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Monday, April 14, 2008

Sailing to Byzantium — a National Poetry Month post

I'm in the mountains of New Hampshire at a writing retreat. The mountains appear to be snow-dusted from a distance, but having bent to feel the snow on the ground, I can assure you that it has the texture of ice pellets. It is sunny here, and warm enough (above 40) that the runoff continues at a rapid pace. This morning, I put in nearly 4 hours of solid work, with infrequent breaks to score a beverage or take a potty break.

At present, I am on a tea break. After a walking break. After a lunch break. But I digress.

There are some iconic poems that spawn references across genres and for years to come. Such is today's selection, "Sailing to Byzantium". The first line was borrowed for the title of Cormac McCarthy's novel and the 2007 Oscar winner for Best Picture: No Country for Old Men. Mark Knopfler invokes the poem (consciously or unconsciously, but I suspect the former)in his song "Sailing to Philadelphia", which is in turn based on his reading of Thomas Pynchon's book about Charles Mason and Jeremiah Dixon's travels and the drawing of the Mason-Dixon line.

Sailing to Byzantium
by William Butler Yeats

That is no country for old men. The young
In one another's arms, birds in the trees -
Those dying generations - at their song,
The salmon-falls, the mackerel-crowded seas,
Fish, flesh, or fowl, commend all summer long
Whatever is begotten, born, and dies.
Caught in that sensual music all neglect
Monuments of unageing intellect.

An aged man is but a paltry thing,
A tattered coat upon a stick, unless
Soul clap its hands and sing, and louder sing
For every tatter in its mortal dress,
Nor is there singing school but studying
Monuments of its own magnificence;
And therefore I have sailed the seas and come
To the holy city of Byzantium.

O sages standing in God's holy fire
As in the gold mosaic of a wall,
Come from the holy fire, perne* in a gyre,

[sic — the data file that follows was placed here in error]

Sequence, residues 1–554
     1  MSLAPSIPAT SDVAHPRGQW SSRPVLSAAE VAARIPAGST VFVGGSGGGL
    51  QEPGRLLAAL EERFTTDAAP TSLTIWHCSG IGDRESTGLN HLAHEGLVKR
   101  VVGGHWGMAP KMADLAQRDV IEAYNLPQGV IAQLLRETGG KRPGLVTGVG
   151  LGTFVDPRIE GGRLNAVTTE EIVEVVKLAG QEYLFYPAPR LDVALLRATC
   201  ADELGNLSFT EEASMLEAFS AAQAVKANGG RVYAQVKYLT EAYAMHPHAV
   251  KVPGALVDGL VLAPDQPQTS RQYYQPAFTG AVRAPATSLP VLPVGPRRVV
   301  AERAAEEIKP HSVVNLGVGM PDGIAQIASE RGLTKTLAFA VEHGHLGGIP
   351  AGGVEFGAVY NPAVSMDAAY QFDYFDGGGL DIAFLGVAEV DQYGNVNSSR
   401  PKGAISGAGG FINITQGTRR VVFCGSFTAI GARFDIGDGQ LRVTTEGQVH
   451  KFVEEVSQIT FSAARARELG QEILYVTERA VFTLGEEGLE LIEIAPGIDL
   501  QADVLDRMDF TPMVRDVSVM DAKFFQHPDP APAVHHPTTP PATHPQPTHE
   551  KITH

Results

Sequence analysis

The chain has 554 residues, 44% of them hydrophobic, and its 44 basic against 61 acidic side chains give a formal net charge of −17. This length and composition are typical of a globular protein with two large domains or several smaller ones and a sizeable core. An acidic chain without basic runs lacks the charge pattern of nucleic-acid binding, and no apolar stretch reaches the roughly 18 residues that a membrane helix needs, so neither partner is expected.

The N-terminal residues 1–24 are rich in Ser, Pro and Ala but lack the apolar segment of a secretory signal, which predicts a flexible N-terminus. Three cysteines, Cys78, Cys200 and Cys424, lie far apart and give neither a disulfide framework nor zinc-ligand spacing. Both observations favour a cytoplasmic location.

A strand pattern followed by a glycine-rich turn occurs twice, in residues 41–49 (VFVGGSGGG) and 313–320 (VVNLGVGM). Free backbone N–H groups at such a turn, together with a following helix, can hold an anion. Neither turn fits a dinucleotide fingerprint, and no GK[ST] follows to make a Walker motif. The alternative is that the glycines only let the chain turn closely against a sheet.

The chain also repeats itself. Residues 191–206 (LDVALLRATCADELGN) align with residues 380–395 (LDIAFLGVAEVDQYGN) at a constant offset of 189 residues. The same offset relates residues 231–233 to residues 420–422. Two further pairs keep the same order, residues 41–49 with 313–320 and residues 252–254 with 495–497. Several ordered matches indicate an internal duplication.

And be the singing-masters of my soul.
Consume my heart away; sick with desire
And fastened to a dying animal
It knows not what it is; and gather me
Into the artifice of eternity.

Once out of nature I shall never take
My bodily form from any natural thing,
But such a form as Grecian goldsmiths make
Of hammered gold and gold enamelling
To keep a drowsy Emperor awake;
Or set upon a golden bough to sing
To lords and ladies of Byzantium
Of what is past, or passing, or to come.


*perne: an alternate spelling of "pirn", an Irish word taken from the Scots meaning "spool". Yeats may be using it as a verb here in conjunction with one of his favorite words/concepts, "gyre" to mean the unwinding of a spool in an expanding and outward circular fashion.

About the Form: This poem is in ottava rima, a form consisting of eight-line stanzas written in iambic pentameter, and with a rhyme scheme of ABABABCC. Ottava rima was favored by Yeats in his later years, but hearkens back to Italian epic poems such as Ariosto's Orlando Furioso, when it entered the English language in translation. Byron wrote his epic satire, Don Juan, using this form. Yeats used it in another poem I've already featured, "Among School Children". Also repeated in this poem (from "Among School Children") is the image of the poet as an old man, and, more specifically, the image of the old man as a scarecrow.

About the Poem: Yeats, with his interesting ideologies about God's interaction with man and references in other poems, including another of his widely-referenced works, "The Second Coming" ("Turning and turning in the widening gyre/The falcon cannot hear the falconer;/Things fall apart; the centre cannot hold"), again makes reference to a gyre (part of his cyclical theory of history). Byzantium represented an ideal state. The country that the speaker leaves is most likely Ireland, with its complicated politics (of which, you may remember, Yeats was well-aware, being enamored as he was with an Irish revolutionary named Maud Gonne). Although his body is old, he seeks to remain vital by making noise with his soul (rather a bit of a "the spirit is willing but the flesh is weak" sort of take on things, in a slant way).